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Work-related asthma.

SENSOR Occup Lung Dis Bull 1998 Jan; :1-2
Happy New Year! For some of you, this is your first quarterly Occupational Lung Disease Bulletin, a project of the Massachusetts Department of Public Health's (MDPH) Occupational Health Surveillance Program (OHSP). We have expanded our mailing list and have added occupational health clinics, occupational health nurses, and a selected group of primary care physicians to the list of pulmonologists and allergists already receiving the Bulletin. We hope that you find it informative and that it serves as a reminder to report cases of work-related lung disease. Because this is the first issue for many readers, we have included a general article on work-related asthma, one of the reportable occupational lung diseases in Massachusetts. In addition, we are enclosing with this Bulletin, a list of common asthma causing agents for your reference. Occupational asthma (OA), strictly defined, is asthma caused by exposure to substances in the workplace. Most OA occurs after sensitization. The dose of an agent required for initial sensitization is not known, but once sensitized, a worker can subsequently develop asthma symptoms from smaller doses. These sensitizers include pharmaceuticals, animal dander, proteins, enzymes, and other low and high molecular weight chemicals. Less common, but increasingly important is workplace asthma developing after exposure to irritants such as the vapors and gases of acids and other compounds. There are now over 200 identified causes of occupational asthma. New agents are continually being discovered. Existing asthma which is aggravated, rather than caused, by exposure to irritants at work is very common, although not considered OA per se. However, it is important to note that for purposes of obtaining Workers' Compensation benefits, pre-existing asthma that is aggravated or exacerbated by workplace exposures may be compensable under the Workers' Compensation laws in many states and is reportable in Massachusetts. Clearly, all individuals with asthma need to avoid exposures to such irritants both at work and at home.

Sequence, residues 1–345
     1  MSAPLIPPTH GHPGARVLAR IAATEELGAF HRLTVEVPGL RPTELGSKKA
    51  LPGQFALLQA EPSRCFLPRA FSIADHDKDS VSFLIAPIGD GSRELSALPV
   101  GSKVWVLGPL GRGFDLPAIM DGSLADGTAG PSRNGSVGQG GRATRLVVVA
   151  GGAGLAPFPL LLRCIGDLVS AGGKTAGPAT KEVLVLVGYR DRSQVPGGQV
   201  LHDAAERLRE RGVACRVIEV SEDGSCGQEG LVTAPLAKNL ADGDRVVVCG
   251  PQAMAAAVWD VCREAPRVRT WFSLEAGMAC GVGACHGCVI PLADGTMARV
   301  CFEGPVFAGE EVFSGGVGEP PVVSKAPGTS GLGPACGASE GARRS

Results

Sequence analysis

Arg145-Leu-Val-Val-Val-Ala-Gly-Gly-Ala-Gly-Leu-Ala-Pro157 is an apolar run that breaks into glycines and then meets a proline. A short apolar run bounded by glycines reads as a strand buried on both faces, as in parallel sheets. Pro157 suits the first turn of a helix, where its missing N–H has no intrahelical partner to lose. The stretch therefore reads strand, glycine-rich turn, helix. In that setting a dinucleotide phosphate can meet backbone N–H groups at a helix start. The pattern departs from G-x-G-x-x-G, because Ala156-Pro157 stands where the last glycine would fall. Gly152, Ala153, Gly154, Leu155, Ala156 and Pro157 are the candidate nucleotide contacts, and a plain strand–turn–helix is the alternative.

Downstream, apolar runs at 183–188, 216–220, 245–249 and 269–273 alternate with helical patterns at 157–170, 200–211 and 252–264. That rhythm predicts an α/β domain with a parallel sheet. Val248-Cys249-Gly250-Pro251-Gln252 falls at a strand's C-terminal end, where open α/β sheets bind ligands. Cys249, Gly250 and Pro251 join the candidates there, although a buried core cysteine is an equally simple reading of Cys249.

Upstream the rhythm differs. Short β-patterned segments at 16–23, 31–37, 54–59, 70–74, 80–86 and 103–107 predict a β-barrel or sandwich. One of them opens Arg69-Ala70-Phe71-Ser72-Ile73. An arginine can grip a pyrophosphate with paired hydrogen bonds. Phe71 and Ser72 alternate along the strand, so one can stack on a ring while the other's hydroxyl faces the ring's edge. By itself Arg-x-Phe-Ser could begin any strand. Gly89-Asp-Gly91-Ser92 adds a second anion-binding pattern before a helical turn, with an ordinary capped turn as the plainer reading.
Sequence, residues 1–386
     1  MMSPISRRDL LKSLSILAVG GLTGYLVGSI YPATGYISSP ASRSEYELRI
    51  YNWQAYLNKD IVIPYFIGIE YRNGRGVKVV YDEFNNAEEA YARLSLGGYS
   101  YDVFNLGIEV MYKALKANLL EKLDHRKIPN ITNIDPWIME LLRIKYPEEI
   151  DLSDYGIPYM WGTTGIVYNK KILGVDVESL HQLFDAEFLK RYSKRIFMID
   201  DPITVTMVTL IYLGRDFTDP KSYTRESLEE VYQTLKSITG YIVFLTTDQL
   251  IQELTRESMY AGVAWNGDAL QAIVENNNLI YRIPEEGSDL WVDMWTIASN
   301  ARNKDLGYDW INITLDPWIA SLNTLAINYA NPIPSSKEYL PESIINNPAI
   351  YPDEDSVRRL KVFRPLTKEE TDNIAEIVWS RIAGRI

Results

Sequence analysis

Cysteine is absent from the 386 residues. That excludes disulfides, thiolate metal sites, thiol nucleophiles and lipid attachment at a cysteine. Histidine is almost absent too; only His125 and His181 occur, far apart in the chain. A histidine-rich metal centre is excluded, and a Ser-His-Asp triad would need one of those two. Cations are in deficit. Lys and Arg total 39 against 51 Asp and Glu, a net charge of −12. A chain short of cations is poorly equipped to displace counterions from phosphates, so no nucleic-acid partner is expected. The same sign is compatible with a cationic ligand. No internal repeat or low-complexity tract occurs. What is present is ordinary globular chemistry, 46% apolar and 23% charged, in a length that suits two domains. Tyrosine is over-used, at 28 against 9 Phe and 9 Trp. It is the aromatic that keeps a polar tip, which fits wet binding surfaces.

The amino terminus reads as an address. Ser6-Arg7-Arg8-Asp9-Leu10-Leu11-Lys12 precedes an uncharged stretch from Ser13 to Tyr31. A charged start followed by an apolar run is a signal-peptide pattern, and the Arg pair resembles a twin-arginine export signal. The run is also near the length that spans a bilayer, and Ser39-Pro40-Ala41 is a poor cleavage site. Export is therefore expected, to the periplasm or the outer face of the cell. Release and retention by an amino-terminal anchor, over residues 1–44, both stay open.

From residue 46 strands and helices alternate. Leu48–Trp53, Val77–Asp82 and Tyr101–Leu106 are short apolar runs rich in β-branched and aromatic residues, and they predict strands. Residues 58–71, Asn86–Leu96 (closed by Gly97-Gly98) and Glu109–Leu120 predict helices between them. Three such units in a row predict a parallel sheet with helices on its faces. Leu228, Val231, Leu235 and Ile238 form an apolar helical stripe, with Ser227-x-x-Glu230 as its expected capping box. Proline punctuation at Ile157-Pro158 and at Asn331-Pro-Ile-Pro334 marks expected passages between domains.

Occupational-diseases; Occupational-health; Lung-disease; Work-environment; Occupational-exposure; Respiratory-system-disorders; Pulmonary-system-disorders; Bronchial-asthma; Employee-exposure; Occupational-respiratory-disease; Health-care; Surveillance-programs; Lung-irritants; Case-studies; Medical-services; Emergency-care; Airway-resistance; Sensitization; Pharmaceuticals; Animals; Proteins; Enzymes; Molecular-structure; Chemical-properties; Vapors; Gases; Irritants
Massachusetts Department of Public Health, Occupational Health Surveillance Program, 250 Washington Street, 6th Floor, Boston, MA 02108
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SENSOR Occupational Lung Disease Bulletin
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Massachusetts State Department of Public Health